By Tony Collins
A good insight into the departure of Ian Watmore comes from Peter Smith of Spend Matters who says:
“He (Watmore) lives in Cheshire still (and does a weekly commute to London) and this seems to be driven by personal factors – he wants to do more non-executive stuff, work with charities, education bodies, and support his wife who is being ordained as a vicar shortly.
“There will be a competition to replace him but Melanie Dawes (?) will be the interim Perm Sec.”
Watmore leaves in June at the height of his civil service career. It would be too easy to cite his background as UK Managing Director of Accenture to say that he came to the civil service with a sympathy for big suppliers and not upsetting the smooth-running of the government IT machine.
Indeed he will not go down in civil service history as a heavy-handed enforcer of central government reforms: he respects too much the work of senior civil servants and particularly CIO colleagues to be seen as an opponent whose will cannot be overcome.
Rather he has been an authoritative go-between, a pragmatist who has sought to implement the radical cost-saving measures demanded by the Cabinet Office minister Francis Maude without giving departments any excuse to cite central diktats as the reason for disruption to frontline services.
Watmore gave an insight into his relationship with Maude at a Parliamentary committee hearing earlier this year. His comments also exploded the myth that the private and public sectors can be run on comparable lines.
“I have been on both sides of the divide on private and public,” said Watmore. “The thing that is different about the public sector is the combination of leadership from the ministerial class and the civil service class. There is no corporate analogue for it. People talk about the way it analogises to the business world—I don’t think it does; it is different…
“I work on a daily basis with Francis Maude. I am not going to make any political comments about Francis, but as a man I feel that he cares about what he is doing; he knows his stuff and he drives us very hard. In response, I give, shall we say, robust advice in return. Mostly, he listens and sometimes I defer to him and we come back to the same place we started, but more often than not we flesh out the differences behind closed doors and then we come out on a united front. I think that is the best way to get civil service and ministerial leadership. If you have a weakness in one part or the other, the whole thing breaks down.”
At Campaign4Change we will remember Watmore’s career in the civil service for his openness, honesty and lack of ego.
When answering questions before Parliamentary committees, some permanent secretaries seem to see MPs as adversaries. These civil servants’ replies are characterised by clever, evasive or adversarial comments. They apologise if the mistakes were before their time but usually they’re protective of their departments, as if defending their children against criticism by outsiders.
Watmore is the antithesis of the archetypal civil servant. Whereas, for example, most civil servants want to keep confidential internal “Gateway” reports on the progress or otherwise of high-risk IT and construction projects, Watmore is on record as saying he would like them published (though they haven’t been).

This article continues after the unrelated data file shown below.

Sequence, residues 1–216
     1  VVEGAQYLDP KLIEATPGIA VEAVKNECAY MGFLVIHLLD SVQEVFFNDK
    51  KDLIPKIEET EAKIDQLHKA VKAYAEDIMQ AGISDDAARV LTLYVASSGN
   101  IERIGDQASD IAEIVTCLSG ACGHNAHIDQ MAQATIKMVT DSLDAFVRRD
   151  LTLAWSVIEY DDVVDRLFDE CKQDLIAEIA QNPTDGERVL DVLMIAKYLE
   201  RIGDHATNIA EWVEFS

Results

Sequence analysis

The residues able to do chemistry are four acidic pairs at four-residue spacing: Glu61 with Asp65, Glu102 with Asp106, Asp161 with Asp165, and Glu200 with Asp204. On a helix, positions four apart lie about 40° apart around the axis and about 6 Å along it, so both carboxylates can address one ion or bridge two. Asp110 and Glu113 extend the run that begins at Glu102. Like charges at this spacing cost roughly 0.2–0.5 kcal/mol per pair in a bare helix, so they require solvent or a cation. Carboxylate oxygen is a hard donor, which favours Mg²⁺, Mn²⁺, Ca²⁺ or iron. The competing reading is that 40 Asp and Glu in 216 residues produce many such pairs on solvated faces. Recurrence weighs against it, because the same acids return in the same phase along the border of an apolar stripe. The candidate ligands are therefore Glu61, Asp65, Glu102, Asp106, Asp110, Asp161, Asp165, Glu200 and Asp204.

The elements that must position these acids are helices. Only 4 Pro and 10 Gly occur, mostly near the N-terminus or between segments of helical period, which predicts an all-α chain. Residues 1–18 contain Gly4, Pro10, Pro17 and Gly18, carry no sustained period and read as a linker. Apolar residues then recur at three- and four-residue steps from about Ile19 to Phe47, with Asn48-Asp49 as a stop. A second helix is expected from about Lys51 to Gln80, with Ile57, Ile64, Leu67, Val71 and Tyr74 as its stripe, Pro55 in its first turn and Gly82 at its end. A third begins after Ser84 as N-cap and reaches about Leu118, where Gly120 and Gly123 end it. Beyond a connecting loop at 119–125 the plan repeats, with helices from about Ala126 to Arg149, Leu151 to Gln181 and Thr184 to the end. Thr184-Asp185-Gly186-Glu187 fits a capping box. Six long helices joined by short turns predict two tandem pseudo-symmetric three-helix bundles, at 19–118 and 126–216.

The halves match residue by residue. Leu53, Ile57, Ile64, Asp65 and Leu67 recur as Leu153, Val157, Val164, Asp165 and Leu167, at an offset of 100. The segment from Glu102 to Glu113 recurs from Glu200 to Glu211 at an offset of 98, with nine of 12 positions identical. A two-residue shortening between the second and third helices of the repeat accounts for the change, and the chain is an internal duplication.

And he has earned respect among MPs for his straightforwardness. He’ll speak lucidly on his department’s achievements, but not his own.
How much effect he has had on other departments is hard to gauge. It’s difficult to see how the most ruthless enforcer in the Cabinet Office could ever have much influence in other departments.
For though the Cabinet Office has powers from David Cameron to enforce cost-savings, departmental heads remain accountable for their own decisions. Watmore has spoken of the tensions between the Cabinet Office and departments. He told MPs earlier this year:
“There are lots of examples where we and Departments have common cause. There will be times when we challenge what they want to do and it can be a tense relationship. Sometimes we agree with what they were going to do anyway, and other times they agree with us, but it means that we are engaging with them.”
Chair: How well is it working on a scale of one to 10 … on the cross-departmental working?
Watmore: “On the whole cross-departmental working, I would say it is somewhere around the six or seven mark. There is more to do.”
Watmore shuns the trappings of high office. He doesn’t even have an office. “I refuse to have one,” he told MPs this year. “I don’t believe in physical offices for managers. I hot-desk wherever I happen to feel it is appropriate to work that week…
“What I tend to do is I move around and I sit with a different group in the Cabinet Office for a week. Initially people think it is a bit odd having the Permanent Secretary sitting next to them but once you carry on as normal they realise you are just another person working there.
“You actually get to find out quite a lot about how the operation works by being there with the staff for a week as well as hearing from them in a more formal setting…
“It is how I operated when I was in business so it is a long-term way of working. But when I came into Government I discovered it by accident; when I wanted to move the staff from two different bits of Government into a new building and introduce flexible working, hot-desking and all the rest of it, I said, ‘If it is good enough for the rest of the staff, it should be good enough for me…’
Will Maude find someone authoritative and influential but without a big ego to replace Watmore at the top of the Cabinet Office? A difficult assignment.